Reply To: Pleasantly Surprised Newbie Needs Advice, Please

AvatarFrances Ponick

Hi, Paul,
Thank you for your sensitive reading of my state of mind.  ;)
I love that I don't have to figure everything out, although I must admit that part of the challenge is trusting what appears to be a somewhat random process. I'm taking some steps to sort it out while still allowing for spontaneity and impulse.
Recently I purchased PQT, so now I'm working with Click Tracks, Belief Blasters, and PQT. I use CT for just plain misery—for times when accessing or even guessing beliefs of any kind is just too hard—as many times as needed to remove jagged edges and at least feel neutral, and I'm experimenting with the other two.
At first I just wrote a few notes or nothing at all. Lately I've begun to track the basics, meaning just the date, whatever tool I've used, the phases or action (tapping, for example), and thoughts that come to mind when the session is done.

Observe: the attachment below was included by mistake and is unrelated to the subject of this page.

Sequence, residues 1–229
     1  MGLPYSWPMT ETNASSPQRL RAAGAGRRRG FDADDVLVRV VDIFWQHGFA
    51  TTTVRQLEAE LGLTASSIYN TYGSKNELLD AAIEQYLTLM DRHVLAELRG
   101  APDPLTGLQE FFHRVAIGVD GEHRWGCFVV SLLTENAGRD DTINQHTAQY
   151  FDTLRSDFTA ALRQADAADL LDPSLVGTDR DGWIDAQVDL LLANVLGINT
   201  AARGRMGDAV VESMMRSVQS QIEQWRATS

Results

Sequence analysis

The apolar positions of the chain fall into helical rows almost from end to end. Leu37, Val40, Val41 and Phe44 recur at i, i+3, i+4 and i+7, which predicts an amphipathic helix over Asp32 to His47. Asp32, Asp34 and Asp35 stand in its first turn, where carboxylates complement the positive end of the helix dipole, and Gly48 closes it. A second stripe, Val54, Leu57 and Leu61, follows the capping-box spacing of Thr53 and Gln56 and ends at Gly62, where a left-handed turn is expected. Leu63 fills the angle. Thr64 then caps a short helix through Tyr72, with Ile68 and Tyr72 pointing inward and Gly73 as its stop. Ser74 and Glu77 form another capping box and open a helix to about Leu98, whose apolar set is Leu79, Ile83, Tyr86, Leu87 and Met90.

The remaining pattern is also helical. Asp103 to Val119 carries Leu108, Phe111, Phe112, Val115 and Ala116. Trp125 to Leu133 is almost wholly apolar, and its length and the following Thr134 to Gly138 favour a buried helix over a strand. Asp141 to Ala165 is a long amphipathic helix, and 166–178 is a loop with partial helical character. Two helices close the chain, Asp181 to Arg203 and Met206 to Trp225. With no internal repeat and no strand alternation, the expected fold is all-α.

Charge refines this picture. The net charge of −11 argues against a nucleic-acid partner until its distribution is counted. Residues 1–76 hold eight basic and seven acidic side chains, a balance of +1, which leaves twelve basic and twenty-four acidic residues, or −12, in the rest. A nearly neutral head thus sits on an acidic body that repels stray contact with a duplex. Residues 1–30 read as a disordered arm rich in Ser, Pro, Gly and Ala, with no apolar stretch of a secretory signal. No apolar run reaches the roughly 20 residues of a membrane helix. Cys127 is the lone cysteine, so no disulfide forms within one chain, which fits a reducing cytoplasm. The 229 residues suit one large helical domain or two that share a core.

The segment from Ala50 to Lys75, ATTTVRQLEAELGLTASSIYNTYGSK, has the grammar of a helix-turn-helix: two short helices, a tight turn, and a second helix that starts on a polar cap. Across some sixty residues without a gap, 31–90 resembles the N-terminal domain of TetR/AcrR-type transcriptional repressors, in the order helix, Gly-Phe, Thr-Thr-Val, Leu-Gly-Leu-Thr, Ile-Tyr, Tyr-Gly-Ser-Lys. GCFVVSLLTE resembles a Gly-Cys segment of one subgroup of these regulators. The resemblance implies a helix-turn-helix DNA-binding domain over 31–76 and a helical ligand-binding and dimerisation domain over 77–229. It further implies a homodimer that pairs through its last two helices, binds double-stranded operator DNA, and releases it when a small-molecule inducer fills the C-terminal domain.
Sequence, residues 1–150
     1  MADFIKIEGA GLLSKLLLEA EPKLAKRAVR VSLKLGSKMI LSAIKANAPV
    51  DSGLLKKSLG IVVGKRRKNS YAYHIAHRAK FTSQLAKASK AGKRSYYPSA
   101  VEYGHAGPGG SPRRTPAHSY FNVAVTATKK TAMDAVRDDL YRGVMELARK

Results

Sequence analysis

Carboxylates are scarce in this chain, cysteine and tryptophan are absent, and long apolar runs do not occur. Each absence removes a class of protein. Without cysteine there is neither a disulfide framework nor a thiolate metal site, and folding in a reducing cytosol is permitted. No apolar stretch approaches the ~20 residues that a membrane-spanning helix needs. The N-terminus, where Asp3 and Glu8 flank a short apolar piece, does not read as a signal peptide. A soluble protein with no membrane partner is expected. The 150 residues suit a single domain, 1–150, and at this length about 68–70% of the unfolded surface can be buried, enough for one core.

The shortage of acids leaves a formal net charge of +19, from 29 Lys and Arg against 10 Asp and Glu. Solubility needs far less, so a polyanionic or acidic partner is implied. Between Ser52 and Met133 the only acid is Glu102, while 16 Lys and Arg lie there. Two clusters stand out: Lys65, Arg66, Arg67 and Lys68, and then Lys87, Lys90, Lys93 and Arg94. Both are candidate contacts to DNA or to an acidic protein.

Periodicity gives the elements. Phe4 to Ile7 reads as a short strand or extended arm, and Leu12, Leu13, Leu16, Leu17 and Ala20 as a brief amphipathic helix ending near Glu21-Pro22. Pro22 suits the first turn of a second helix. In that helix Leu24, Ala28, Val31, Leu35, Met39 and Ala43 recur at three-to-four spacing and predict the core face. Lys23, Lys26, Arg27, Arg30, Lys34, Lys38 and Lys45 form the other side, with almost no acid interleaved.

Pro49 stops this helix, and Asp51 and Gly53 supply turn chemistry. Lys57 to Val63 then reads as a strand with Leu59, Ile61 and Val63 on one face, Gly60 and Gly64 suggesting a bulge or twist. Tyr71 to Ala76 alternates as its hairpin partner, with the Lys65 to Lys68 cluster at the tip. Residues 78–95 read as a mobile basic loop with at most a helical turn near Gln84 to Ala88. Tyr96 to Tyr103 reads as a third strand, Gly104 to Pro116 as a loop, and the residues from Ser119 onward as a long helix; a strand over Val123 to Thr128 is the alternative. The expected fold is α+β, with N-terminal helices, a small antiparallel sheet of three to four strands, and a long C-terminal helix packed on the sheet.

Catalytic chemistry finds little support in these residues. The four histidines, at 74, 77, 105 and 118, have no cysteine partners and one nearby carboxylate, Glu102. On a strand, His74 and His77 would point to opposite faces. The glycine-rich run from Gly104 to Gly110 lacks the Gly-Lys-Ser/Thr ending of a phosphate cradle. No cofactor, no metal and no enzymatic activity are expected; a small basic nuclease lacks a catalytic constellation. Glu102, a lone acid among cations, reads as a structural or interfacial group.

Meditation has taught me that small, steady effort is best for me (even though I always want instant action—oh well!). I'm aiming at daily sessions of no longer than 30 minutes. Not there yet, but they will come if I'm nice to myself and don't scold or cajole.
BTW, I'd have to say that figuring out how to be genuinely kind to oneself can be very hard to do, yet it's well worth the effort. Lots more to say, but I'll save it for another time—the short version is that I discovered that, like meditation, it's a habit one acquires. If you let it, each failure can become an opportunity to try again. The big success? When you can resume your efforts to be nice to yourself without first stopping to yell at yourself for screwing up!  ::)
Warm regards,
PS I was born in Dublin. My father was born in Galway and spent time in Belfast as a small boy. Talking about his childhood one time, he mentioned that he and his sisters used to sleep under the bed, because soldiers would drive through the streets at night shooting through upstairs windows. Even in his nineties, he remembered sleeping under the bed in Belfast at that time as nothing special, but rather simple  common sense. It's amazing what people can get used to in order to survive, isn't it?